Just wanted to say hi and that I also have a 9 yr old competitive swimmer in our home too! Is there a swimmers board?
post #61 of 267
7/26/07 at 1:56am
I am just asking a question so please don't flame me:
Could the varicella vaccine be the culprit for Molluscum contagiosum?
If your child did NOT have the varicella (chicken pox) vaccine and also was NOT in contact with anyone who's had it or who had shingles, but does have the Molluscum virus, then ok, I am wrong.
I am just curious. I've read that there might be a connection. ?
I have been having my son go topless in the sun with no sunscreen on the bumps for a little while each day. I have been putting sea salt in his bath and he went in the ocean the other day. Brr!The zymaderm seems to be working although it is very labor intensive. You are supposed to drip the liquid onto each bump without actually touching the bump. Good luck with a two year old! I have to bribe him with promises of a tofutti cutie or a smoothie pop. Once I get rid of the molluscum I'll be looking for a forum discussing ways to get him off the sugar!:
daniedb, what finally made your child's molluscum go away? Time? My guy has a very strong immune system, no excema, and eats great. I tried to pop one but the poor thing freaked out and I wasn't even successful in opening it. Oh and by the way, we were going to the public pool for waterbabies once a week when he developed them! :
|We tried Aldara, after I did a great deal of research on it. From what I've read, MC are not recognized by the child's body as a foreign invader, so there's no immune response to it. Aldara is a cream that you dab on just on the MC themselves, and it works almost like a signal, to alert the body's immune system to a foreign body, and serves to "turn it on" to attack the MC and kill them. Once they are gone, using the cream, they are supposed to not reappear except in unusual circumstances. We used the cream for about 2 months, and did see an improvement. It is a longer-term solution, and we weren't getting the relief we thought was worth the effort. It's a long, drawn-out process, and since I was PG at the time, I wore gloves and a q-tip to apply it so I couldn't touch it and absorb it through my skin. It's very strong stuff, and does have a risk of scarring. The generic name is Imiquimod, so if you want to do some googling, there you go.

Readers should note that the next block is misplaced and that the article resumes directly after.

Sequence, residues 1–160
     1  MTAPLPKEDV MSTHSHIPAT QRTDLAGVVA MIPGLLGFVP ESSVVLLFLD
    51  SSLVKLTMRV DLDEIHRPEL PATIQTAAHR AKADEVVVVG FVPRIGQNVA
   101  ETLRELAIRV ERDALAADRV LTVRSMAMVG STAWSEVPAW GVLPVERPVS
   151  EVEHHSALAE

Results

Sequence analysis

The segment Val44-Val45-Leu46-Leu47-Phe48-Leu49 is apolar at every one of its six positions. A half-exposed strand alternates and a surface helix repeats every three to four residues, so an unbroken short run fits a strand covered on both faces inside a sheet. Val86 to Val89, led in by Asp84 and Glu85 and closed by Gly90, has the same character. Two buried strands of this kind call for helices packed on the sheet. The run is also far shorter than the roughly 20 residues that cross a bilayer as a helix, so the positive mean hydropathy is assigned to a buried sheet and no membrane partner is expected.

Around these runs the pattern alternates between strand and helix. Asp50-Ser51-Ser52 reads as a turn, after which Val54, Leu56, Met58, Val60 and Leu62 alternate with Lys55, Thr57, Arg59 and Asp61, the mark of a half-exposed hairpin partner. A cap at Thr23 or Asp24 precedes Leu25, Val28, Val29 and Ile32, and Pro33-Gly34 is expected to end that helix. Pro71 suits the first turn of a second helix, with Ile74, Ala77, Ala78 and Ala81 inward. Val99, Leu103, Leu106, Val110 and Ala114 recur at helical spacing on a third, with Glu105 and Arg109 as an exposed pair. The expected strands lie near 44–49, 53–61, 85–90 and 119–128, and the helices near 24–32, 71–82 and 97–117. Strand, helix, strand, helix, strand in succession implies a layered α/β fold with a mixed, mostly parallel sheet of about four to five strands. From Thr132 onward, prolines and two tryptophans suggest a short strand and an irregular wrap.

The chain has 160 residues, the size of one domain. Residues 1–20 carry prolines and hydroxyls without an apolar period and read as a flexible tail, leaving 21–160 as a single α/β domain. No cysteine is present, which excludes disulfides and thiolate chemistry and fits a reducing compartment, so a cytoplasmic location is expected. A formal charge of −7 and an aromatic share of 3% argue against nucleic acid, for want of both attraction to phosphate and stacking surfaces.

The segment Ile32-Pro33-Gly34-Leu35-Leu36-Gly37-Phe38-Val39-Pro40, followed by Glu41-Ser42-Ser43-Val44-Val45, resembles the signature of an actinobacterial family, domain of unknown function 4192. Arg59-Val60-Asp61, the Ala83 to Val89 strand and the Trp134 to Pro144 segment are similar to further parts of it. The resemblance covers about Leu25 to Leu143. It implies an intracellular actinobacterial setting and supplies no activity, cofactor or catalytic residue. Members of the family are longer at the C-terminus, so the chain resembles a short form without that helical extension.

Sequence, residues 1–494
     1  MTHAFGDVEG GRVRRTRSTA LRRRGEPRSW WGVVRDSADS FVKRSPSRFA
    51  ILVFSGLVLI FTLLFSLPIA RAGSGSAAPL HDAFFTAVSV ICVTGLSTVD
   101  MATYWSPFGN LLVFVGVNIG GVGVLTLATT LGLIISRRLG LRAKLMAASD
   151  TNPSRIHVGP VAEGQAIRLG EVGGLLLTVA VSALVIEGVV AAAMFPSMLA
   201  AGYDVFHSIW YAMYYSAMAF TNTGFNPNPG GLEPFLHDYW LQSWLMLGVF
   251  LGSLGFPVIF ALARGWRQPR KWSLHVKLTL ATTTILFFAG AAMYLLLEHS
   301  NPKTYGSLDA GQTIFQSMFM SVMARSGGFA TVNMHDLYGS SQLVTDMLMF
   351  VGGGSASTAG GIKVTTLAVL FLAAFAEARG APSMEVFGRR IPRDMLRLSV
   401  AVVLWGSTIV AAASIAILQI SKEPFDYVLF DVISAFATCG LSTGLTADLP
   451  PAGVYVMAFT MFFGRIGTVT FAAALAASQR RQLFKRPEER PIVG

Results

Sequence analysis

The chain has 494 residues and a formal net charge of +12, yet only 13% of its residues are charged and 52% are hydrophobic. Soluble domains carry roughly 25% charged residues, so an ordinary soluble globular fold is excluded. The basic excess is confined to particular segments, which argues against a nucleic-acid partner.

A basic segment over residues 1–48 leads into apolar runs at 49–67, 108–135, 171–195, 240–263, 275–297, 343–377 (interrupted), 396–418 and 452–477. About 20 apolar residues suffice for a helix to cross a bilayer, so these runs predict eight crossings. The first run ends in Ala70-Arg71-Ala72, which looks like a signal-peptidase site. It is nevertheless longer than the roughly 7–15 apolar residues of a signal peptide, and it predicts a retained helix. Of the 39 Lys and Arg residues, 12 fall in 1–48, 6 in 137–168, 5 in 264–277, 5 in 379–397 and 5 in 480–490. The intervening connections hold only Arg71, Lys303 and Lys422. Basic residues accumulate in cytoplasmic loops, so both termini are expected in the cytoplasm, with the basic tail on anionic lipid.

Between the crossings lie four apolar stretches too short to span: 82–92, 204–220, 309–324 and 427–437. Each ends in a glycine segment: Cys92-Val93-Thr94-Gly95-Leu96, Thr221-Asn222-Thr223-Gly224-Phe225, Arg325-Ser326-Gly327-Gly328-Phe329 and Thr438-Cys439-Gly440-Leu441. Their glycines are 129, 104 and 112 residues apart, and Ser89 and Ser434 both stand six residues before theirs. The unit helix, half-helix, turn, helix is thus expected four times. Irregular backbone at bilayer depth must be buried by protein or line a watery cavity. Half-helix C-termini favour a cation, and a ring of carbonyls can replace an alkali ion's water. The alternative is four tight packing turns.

My sister is a ped, and in her practice, there's a wonderful ped. dermatologist. We talked to him, she had a consult with him about it, and we, again, after a great deal of deliberation, decided to try curettage, where the doc gently scraps each MC lesion in order to release the contagious inner core.
Curettage. The viral material in the center of the bump is scraped out. A local or topical anesthetic can be used to numb the area. A small scraping instrument called a curette is used to quickly remove the bumps. This procedure is very effective and not too painful. It may cause scarring.
Henry was about 2 1/2 at the time, and it was a really difficult decision to make, but I can tell you now how relieved and glad I am we did it. It was very fast, and he had probably 150-200 lesions, and on our follow-up visit, there was not one left, and he has not had any since. It is quite an intense process as a mom, because it can be scary-looking. Each MC bleeds when the doc scrapes it, so there is quite a bit of blood. However, they immediately wrapped him in gauze, so he looked like a little mummy, and by the time we got him that evening, and got him in the bath, he already looked a zillion times better. That very night, I started slathering him with an eczema cream I made that is shea butter and lots of healing oils, and kept it up until the lesions were gone.
He doesn't have one scar, nor has he had a return of the MC. That's what worked for us, so I HTH, and feel free to PM or ask if you have any questions!